Brexit tariff cuts on imports won't help UK consumers in the shops, IFS warns

The Institute for Fiscal Studies says that even if all tariffs were scrapped, the reduction in prices would be less than the increase which followed the Brexit vote in 2016

Gavin Cordon
Tuesday 20 March 2018 09:12 GMT
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Cutting tariffs on imports after Britain leaves the European Union will make little difference to prices paid by consumers in the shops, a leading economic think tank has warned.

The Institute for Fiscal Studies (IFS) said that even if all tariffs were scrapped, the reduction in prices would be less than the increase which followed the referendum vote in 2016 as a result of the fall in the value of the pound.

Some supporters of Brexit have argued that the Government should take the opportunity to abolish tariffs unilaterally to lower prices for UK consumers, bringing down the cost of living.

However the report by the IFS said tariffs imposed by the EU on the sort of goods imported into the UK were "not particularly high" - averaging around 2.8 per cent.

Even under some "quite optimistic assumptions" about the likely effect on prices paid by households, it said the complete abolition of tariffs would lead to a reduction of between 0.7 per cent to 1.2 per cent.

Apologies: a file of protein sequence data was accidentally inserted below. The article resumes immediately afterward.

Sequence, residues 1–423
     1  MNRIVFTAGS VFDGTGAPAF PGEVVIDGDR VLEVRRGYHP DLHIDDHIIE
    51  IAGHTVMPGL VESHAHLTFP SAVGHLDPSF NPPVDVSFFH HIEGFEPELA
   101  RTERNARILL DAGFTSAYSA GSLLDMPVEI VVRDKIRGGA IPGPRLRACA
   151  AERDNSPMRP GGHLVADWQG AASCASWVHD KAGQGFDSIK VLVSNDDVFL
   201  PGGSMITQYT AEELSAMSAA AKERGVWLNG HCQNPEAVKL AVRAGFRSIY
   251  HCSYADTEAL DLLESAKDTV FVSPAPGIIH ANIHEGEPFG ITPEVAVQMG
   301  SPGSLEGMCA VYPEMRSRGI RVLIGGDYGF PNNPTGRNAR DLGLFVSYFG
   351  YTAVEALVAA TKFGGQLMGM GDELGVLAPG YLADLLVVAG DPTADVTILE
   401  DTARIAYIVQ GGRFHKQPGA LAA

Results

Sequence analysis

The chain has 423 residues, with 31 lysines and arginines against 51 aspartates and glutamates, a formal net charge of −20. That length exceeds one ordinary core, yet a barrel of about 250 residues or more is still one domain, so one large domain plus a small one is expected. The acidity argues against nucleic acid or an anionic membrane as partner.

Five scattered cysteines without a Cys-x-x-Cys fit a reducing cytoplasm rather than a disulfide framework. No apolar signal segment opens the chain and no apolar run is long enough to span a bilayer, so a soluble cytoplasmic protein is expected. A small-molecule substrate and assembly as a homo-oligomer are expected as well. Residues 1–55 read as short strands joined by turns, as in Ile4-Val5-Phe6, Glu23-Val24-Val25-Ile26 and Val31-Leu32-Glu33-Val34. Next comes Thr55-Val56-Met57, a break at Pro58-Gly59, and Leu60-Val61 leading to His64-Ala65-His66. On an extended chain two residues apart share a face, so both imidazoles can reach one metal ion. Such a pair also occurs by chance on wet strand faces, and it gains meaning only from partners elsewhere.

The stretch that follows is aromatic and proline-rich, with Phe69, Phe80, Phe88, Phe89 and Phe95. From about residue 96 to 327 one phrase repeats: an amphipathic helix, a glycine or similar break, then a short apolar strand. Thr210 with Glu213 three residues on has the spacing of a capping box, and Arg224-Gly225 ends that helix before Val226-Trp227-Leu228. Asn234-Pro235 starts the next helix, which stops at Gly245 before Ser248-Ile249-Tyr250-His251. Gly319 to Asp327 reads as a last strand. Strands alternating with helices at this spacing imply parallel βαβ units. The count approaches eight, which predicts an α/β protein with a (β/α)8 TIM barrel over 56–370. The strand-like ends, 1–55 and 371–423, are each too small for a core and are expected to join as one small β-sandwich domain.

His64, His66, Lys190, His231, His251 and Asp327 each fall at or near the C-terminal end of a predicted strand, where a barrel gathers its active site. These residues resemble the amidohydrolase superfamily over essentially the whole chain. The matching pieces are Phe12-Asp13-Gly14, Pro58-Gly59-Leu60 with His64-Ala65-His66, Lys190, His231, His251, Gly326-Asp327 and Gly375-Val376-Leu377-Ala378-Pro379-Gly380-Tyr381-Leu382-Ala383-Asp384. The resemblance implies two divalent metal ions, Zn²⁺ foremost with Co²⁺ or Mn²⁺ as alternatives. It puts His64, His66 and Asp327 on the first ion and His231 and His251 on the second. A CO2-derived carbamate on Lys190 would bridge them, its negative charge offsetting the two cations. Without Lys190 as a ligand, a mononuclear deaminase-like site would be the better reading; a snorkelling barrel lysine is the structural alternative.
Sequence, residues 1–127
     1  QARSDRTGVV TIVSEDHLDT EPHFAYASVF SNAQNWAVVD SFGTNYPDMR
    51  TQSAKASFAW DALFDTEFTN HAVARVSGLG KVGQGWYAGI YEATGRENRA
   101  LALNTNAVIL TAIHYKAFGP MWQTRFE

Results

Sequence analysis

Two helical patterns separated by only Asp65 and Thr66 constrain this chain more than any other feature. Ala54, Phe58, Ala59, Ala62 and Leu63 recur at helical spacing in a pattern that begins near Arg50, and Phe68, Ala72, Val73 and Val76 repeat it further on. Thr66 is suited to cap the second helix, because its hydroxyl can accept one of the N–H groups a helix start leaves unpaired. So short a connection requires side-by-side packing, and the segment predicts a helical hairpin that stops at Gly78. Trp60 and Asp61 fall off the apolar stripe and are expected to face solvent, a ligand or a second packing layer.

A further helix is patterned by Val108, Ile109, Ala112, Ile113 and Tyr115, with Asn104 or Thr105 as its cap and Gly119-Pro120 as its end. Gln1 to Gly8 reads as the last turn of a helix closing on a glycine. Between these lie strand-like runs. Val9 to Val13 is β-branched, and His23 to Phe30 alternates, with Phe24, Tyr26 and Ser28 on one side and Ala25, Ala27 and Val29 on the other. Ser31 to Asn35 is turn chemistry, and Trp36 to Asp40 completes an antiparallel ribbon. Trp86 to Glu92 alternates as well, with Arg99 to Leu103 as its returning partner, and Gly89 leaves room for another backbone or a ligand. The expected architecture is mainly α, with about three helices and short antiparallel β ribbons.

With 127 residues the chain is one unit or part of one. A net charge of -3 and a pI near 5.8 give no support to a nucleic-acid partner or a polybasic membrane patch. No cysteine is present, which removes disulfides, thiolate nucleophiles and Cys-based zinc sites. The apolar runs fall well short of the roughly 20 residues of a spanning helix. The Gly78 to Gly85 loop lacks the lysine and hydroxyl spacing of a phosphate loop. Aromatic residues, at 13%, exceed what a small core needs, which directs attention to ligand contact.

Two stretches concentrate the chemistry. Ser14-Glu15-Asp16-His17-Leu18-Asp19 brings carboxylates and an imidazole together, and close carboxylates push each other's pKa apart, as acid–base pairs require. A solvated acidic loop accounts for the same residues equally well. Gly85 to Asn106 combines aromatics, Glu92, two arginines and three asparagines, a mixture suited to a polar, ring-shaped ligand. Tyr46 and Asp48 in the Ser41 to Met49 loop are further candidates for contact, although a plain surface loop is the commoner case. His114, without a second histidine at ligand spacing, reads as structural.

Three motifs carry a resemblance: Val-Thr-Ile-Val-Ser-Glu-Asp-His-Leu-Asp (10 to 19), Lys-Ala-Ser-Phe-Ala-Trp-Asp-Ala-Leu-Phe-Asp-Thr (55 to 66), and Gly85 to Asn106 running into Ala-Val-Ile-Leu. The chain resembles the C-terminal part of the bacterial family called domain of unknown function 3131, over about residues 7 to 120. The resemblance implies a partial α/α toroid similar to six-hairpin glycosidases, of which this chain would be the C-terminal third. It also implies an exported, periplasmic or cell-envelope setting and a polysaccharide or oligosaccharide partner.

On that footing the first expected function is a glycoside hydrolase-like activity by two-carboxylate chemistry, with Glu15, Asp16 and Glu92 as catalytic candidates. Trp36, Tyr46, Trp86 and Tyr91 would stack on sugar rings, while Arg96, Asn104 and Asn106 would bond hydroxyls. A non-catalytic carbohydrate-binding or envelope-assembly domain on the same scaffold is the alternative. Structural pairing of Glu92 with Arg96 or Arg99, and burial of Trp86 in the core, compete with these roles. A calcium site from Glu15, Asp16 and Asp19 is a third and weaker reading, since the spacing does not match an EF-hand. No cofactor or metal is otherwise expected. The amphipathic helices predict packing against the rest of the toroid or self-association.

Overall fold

That compares with the estimated 2 per cent increase in consumer prices which resulted from the depreciation of sterling following the Brexit referendum.

The IFS said that while getting rid of tariffs could bring economic benefits in the long run, it could be "very damaging" for some UK firms in the short term.

However if tariffs were only removed from goods which the UK does not produce itself - in order to protect such businesses - the fall in prices would be 0.4 per cent at most.

At the same time, the report said that any benefits to consumers from abolishing tariffs had to be set against the "inevitable costs" to UK trade that would result from leaving the EU customs union.

"Firms will likely be affected by customs delays and storage costs that would result from the erection of customs barriers on trade with the EU," the report said.

"New regulatory differences between the EU and the UK are also likely to create various non-tariff barriers to trade.

"Such changes would, other things equal, be expected to increase costs for consumers and work to offset the (already rather limited) gains from tariff reductions."


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